A new project to create an open-source machine-learning program for the identification of fish using artificial intelligence (AI) – known as Fishial.ai – is under development and inviting divers to submit photographs to its database. Fishial.AI aims to help divers, fishers and scientists easily identify fish species without having to trawl through a series of websites or books, while keeping its code in the public domain to assist other developers to create AI-based applications.
The idea was first conceived by Tom Wye and his wife Jane when they were fishing off the coast of Florida in 2015. After landing an unfamiliar fish species which they were unable to identify using publicly available online tools, Wye – recently retired from a career in Silicon Valley – came up with the idea for Fishial.ai. Following several years of development work, the Fishial.ai portal launched in August 2021.
The primary aim of Fishial.ai is ‘to change the way that people identify fish,’ according to Fishial.ai’s spokesperson Dario Stawski, in an e-mail to DIVE ‘We currently have tools in development that will aid everyone from novices to fisheries professionals in identifying fishes. For people who need an answer quick, they will have the option to plug in an image for automatic AI identification. There will also be options for users interested in improving their own identification skills to learn how to critically examine a fish.’
The second goal is to build the world’s largest, curated, open-source fish image library – a huge undertaking to cover the estimated 33,000 species of fish in the oceans, each of which will need approximately 1000 images to create an accurate identification database. The lack of high-quality, curated images needed to train the AI’s algorithms is the largest barrier to the development of the system. There are many thousands of fish pictures available on the Internet, but many are poor quality and mislabelled. In response to this problem, the team at Fishial.ai has created an online portal for picture submissions, with three marine biologists and a zoologist on board to assist with correctly vetting any pictures submitted.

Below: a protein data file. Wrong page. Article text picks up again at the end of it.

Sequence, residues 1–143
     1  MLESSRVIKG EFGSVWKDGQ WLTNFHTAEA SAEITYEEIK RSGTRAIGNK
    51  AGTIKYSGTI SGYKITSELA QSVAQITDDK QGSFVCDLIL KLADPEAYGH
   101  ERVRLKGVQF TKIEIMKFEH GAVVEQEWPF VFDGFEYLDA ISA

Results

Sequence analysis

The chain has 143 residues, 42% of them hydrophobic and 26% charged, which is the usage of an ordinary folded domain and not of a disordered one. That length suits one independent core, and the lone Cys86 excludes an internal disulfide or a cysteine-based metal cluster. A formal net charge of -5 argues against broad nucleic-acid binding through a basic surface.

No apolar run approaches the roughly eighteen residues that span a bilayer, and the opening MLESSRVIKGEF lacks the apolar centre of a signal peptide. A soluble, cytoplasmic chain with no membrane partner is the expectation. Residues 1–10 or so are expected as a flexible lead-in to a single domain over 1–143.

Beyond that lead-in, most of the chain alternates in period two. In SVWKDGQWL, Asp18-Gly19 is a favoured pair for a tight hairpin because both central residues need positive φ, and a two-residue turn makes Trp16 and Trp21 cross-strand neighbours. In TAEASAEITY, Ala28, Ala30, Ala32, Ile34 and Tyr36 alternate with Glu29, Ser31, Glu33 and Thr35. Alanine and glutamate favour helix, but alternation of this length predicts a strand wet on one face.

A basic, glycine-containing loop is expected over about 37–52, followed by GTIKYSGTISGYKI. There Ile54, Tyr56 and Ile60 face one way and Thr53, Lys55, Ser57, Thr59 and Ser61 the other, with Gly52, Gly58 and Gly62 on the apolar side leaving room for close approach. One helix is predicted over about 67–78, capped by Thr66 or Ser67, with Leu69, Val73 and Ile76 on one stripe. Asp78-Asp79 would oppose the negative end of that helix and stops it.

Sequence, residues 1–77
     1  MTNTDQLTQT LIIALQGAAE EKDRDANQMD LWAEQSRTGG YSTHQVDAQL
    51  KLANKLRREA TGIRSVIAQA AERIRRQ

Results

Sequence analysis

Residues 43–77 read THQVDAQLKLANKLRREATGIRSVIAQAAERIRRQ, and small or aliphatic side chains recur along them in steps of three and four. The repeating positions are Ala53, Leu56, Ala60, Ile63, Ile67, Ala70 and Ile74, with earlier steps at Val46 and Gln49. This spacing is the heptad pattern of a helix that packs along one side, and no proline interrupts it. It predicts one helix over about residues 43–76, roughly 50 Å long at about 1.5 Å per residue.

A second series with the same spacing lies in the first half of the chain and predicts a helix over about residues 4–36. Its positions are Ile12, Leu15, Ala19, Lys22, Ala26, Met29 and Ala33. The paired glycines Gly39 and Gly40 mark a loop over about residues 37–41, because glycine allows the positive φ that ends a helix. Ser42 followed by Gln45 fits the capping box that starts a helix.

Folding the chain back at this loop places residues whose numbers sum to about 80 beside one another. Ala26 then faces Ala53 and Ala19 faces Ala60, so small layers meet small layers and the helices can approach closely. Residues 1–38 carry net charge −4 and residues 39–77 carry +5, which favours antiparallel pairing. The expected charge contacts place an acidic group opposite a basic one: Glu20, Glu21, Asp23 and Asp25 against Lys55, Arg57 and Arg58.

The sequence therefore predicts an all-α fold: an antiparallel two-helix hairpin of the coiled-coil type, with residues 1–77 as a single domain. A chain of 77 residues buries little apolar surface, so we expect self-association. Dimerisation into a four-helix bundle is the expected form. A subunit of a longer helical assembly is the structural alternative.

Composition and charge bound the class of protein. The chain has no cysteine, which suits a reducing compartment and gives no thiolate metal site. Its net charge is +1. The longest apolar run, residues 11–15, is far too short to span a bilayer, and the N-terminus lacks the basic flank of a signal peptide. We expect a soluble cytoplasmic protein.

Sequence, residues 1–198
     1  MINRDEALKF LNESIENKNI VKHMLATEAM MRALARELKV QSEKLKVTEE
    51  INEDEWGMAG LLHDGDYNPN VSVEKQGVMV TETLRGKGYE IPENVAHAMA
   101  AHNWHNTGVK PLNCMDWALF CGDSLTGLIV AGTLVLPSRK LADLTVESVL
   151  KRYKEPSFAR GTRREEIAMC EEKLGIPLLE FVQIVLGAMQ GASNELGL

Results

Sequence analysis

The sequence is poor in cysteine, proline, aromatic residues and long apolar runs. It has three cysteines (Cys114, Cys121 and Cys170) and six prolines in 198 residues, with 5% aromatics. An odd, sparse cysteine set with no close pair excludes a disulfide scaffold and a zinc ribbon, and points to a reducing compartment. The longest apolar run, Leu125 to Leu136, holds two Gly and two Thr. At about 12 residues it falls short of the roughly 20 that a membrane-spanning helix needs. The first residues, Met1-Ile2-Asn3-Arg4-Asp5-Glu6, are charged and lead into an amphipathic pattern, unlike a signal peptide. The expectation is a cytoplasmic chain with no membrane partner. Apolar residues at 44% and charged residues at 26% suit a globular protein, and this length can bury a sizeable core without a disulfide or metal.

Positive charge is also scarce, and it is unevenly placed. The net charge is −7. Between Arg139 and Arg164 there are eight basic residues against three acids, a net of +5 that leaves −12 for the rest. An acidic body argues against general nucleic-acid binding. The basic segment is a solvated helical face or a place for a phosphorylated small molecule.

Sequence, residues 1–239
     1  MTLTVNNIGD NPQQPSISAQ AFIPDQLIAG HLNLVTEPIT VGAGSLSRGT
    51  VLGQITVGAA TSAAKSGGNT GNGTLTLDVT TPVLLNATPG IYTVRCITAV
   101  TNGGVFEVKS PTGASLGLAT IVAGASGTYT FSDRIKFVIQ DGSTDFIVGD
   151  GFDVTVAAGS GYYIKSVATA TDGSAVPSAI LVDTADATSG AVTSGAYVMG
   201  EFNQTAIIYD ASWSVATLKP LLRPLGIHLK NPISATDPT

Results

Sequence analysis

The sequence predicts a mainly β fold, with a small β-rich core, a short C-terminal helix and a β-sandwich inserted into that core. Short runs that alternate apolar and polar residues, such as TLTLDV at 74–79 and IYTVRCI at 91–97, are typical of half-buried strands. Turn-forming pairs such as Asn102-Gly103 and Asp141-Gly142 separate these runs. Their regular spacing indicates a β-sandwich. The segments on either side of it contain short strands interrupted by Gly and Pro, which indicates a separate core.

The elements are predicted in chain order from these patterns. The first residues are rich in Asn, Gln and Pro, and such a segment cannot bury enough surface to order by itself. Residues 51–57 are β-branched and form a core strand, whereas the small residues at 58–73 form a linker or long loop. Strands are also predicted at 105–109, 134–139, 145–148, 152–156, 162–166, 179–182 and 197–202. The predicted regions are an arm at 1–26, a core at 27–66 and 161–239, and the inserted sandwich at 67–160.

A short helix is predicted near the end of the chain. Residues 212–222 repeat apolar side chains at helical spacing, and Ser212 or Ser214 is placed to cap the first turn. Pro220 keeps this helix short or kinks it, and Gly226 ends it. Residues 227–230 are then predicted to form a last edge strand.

While Fishial.ai will be of great interest to divers, who often spend hours enthusiastically trawling through books to identify the unknown highlights of the dive, good fish identification is essential for conservation. ‘Perhaps to some people, identifying fishes seems like nothing more than a neat party trick,’ wrote Stawski. ‘However, misidentification can lead to improper data collection by field biologists, resulting in inaccurate population estimates and misinformed management decisions.’
Beyond improving the ability to correctly identify species of fish, Fishial.ai will provide publicly available data from the project to other researchers in order to improve their studies. Among these, GPS location data will provide more detailed information of fish populations and their ranges – especially within the context of global climate change, which has seen certain species shift their ranges towards the poles as the oceans warm, including a recently observed spatial shift in the range of great white sharks.
The Fishial.ai website is still under development, but the portal to submit pictures is available at https://portal.fishial.ai In order to submit your pictures you will need to create an account, but the process is otherwise fairly simple. For more on the project visit www.fishial.ai, or follow the team on Facebook or on Instagram @fishial
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